“Oh, my God,” Alice Workman said as Alan Jones was asked about climate change, with Christopher Pyne looking on.
“Oh, my God,” Alice Workman said as Alan Jones was asked about climate change, with Christopher Pyne looking on.

Moment Alan Jones got owned

It started out as a "bloodbath" for Labor.

The questions fired one after the other: Will Labor apologise for its monumental blunder?

How did you misjudge the mood and the intelligence of the Australian people so badly?

Will the term "big end of town" be dead, buried and cremated?

Labor's Shadow Minister for Finance Jim Chalmers - who also indicated he's "considering" putting his hand up for his party's leadership - copped the brunt of the wash-up from Saturday night's woeful loss after he agreed to be on the Q&A panel.

How things could have gone differently on Monday's night's show for Mr Chalmers.

"I was hoping to front up tonight as the Minister for Finance," he said when explaining if he wanted the Opposition leader job.

Instead he was subjected to a string of pointed questions about Labor's failures, and some heated tussles with controversial broadcaster Alan Jones, who turned the colour of his suit when the conversation moved to one topic: climate change.


Of course, it came in the last question for the night.

Will Scott Morrison be able to exercise his influence - as the hero who brought the Coalition back to Government - to bring about change in climate policy, or will the climate change deniers feel empowered to prosecute their agenda again?


As host Tony Jones pointed out to Alan Jones, it's a problematic question for someone who doesn't believe in climate change.

"This is predicated with the argument that the whole nation thinks climate change is the biggest issue in the country," Alan Jones said.

"What is climate change? ... Young people are highly intelligent. They have many platforms from which they can (glean) their information and knowledge. I wonder whether they're being told all the facts in relation to this."

Alice Workman, political reporter at The Australian, lost it midway through Jones' answer, burying her head in her hands.

"Oh, my God," she cut in.

"Alice, you've been speaking for most of the night," Alan Jones shot back.

“Oh, my God,” Alice Workman said as Alan Jones was asked about climate change, with Christopher Pyne looking on.
“Oh, my God,” Alice Workman said as Alan Jones was asked about climate change, with Christopher Pyne looking on.

The 2GB host then went on about how much carbon dioxide is in the atmosphere and reeled off so many numbers in a row, no one could keep up.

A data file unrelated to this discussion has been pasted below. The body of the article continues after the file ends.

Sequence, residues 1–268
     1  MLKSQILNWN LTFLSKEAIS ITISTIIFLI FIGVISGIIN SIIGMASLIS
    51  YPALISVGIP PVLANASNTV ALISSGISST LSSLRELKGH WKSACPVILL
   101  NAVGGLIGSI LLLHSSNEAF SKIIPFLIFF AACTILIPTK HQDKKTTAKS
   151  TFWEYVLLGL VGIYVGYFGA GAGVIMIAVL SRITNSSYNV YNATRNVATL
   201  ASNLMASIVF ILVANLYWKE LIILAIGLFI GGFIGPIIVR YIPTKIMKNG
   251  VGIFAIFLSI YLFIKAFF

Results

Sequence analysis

"It's 0.04 per cent, and of that 0.04 of a per cent, human beings around the world create 3 per cent. And of that 3 per cent Australia creates 1.3 per cent. So for the 1.3 per cent of 3 per of 0.04 per cent we then decide to have a national economic suicide note."

Everyone was waiting for him to get out a bag of rice (you can relive that moment in the video below), but thankfully Tony Jones stepped in after pleas from the panel to make Alan stop.

"Alan, Alan, Alan, Alan, I'm happy for you to have made that point which you've made many times on radio but it has to be answered by others, and particularly by scientists in the long-term."

Cue applause.

The next round of cheering and applause came when business leader Ming Long was asked by Mr Jones where business gets its advice from about the danger of climate change.

"We listen to the scientists," she said

"We do the analysis. We do an analysis, not just because one party says one thing or another, we look at it from a risk perspective and we look at it from a return perspective. The return from fossil fuels is going to decline long term.

"This is not a viable investment option for our country."

Jones still wasn't having a bar of it.


Scientists? What are they?
Scientists? What are they?


With much of the focus of the evening on Mr Chalmers, the discussion ended on him and whether he would readjust Labor's climate change target if he was to become leader.

"I don't speak for anyone else who might put their hand up, but I do know that in our party we have a view that we need to deal with climate change," he said.

"We need to deal with pollution. We need to deal with rising energy costs. We want to see proper investment in renewables. As Ming rightly points out, that's not just our view, it's the view of the scientists, the economists, the financial institutes, the Reserve Bank."

Jones couldn't help himself to get one last jab in.

"Keep the lights on for Q&A," he snickered.